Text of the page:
Crossing Trumshingla pass
Off we went the next morning from Sengor to Bumthang. The mountain panorama along this stretch of road was fantastic. We would have loved to just stop on the road side with a large cup of coffee and just look into the distance. So much unspoiled landscape seems like a luxury nowadays.
The narrow winding road takes us ever higher into the mountains until we stop at the largest waterfall in Eastern Bhutan. The Namling waterfall plunges about 80 meters down below the road. Little shrines and stupas are above it in memoriam of the 300 Indian and Nepali workers who died constructing this bit of road that is literally hacked into a steep rock cliff.
The Trumshingla pass
Driving on this next leg meant we had to cross the second highest mountain pass of Bhutan. The Trumshingla with 3780 meters altitude. We had gotten word that it has snowed on the pass and looking at our 2 wheel drive Minivan, we were quite sceptical. Icy, snow covered roads with a steep climb up and down a high mountain pass with no guard rails anywhere and often only a single lane with oncoming traffic did not sound like a great mix. Especially coming from a country that requires winter tires as on November despite no snow having fallen at all…. Mentally Esther saw us already sliding over a steep mountain cliff. Our store bought prayer flag would certainly come handy – if only we made it to the pass where we planned to hang it…
And suddenly there is … snow
Driving up over 1500 meters, we started to see the first snow on the ground. It was only a dusting, and luckily not a solid road cover. Not many cars were on the road, we found out why. Fun fact: in Butan the first day it snows is declared an instant holiday in those regions, and the people stop working and start celebrating. Quite amusing to us westerners, until you understand that Bhutanese take any excuse to celebrate ;o).
Passing a family on the snowy road they did not seem to mind the snow at all carrying on in clothes that any of us mortals would freeze in. We started to realize that we were getting closer to the pass when the entire road side got lined with colourful prayer flags. The closer we got, the more flags were hung up. Some faded and tattered, others in brand new neon colours. Hanging in places where one wonders how they got there without a helicopter. Bhutanese belief is that the higher a prayer flag hangs, the closer it is to the divine spirit, the more blessings it brings.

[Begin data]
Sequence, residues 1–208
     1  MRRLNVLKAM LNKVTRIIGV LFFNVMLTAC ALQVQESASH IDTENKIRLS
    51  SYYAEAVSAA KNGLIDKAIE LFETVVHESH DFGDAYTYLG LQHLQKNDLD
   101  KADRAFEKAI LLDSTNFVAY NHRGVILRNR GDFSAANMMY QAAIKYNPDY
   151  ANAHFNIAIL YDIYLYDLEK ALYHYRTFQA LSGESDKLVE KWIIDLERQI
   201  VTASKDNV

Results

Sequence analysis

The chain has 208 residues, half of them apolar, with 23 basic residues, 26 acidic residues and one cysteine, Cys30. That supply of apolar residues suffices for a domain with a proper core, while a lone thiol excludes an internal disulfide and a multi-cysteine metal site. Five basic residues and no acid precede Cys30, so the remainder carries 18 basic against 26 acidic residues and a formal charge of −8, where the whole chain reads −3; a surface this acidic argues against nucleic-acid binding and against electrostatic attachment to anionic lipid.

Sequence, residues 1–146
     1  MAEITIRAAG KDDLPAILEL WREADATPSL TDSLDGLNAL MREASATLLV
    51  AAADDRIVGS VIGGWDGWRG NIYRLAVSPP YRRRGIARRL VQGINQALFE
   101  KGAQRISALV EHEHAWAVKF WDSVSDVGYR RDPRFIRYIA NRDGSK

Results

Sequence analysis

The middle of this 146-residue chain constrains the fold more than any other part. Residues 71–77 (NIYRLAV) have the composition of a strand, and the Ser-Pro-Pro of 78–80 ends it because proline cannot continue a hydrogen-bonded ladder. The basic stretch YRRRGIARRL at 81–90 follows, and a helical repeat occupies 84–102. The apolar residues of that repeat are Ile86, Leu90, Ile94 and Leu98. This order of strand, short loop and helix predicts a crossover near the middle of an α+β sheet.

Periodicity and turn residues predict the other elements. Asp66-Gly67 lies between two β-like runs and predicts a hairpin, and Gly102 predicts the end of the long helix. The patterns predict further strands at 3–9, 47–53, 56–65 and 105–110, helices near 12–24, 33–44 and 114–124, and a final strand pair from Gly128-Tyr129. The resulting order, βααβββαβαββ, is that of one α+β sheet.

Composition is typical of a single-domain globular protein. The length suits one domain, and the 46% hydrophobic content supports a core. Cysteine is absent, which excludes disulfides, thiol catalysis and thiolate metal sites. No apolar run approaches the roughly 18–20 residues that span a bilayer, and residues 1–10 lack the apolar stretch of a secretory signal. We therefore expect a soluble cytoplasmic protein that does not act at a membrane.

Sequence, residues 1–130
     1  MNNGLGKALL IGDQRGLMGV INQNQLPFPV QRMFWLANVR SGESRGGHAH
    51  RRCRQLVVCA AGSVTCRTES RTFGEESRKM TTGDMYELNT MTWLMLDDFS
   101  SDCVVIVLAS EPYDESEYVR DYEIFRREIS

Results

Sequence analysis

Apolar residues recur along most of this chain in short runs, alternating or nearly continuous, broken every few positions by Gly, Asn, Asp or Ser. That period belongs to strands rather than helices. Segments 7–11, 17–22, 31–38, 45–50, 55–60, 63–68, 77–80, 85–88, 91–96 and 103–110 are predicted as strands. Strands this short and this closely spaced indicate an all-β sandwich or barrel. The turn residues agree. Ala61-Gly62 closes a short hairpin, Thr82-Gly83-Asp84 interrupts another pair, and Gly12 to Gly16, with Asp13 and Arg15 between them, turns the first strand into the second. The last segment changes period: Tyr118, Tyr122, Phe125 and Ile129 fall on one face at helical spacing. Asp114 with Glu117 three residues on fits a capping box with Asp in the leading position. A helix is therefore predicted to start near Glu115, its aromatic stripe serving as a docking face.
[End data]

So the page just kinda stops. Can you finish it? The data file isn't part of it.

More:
Prayer flags as a security feature
On the very top it was really like an insane spider web of strings that crisscrossed the entire area of the pass. We stopped to hang our flag in as high a place as we could find, Chris and Norbu risk slipping down and bruised knees. Our prayer wish certainly contained that on the drive down, please don’t let the brakes fail, don’t let the road be icy, don’t let us get too close to the edge of the cliffs… and so on… It was a lot of wishes for a small flag.
While at the top, we had a look around and rather than a traditional stupa, this pass had a long stupa wall ( which pretty much serves the same purpose). In that wall we noticed little red/white clay things that were standing along a rim in the stupa wall. When asked, Norbu said that those were called tsatsa and were indeed a mixture of clay and ashes of deceased people, so they would remain as a reminder for the families and be close to the skies to facilitate an easier next step in their journey, as all Bhutanese are cremated. Quite a touching concept, rather than burying the loved ones in the ground.
Honouring the gods
Luckily our prayer flag did work and we made it safe and sound down the pass on the other side. Right before we arrived at our Swiss guest house lodge a little herd of adorable ponies strolled in front of our car and brought us to mind that the next day we had booked a nice horse ride in the snow.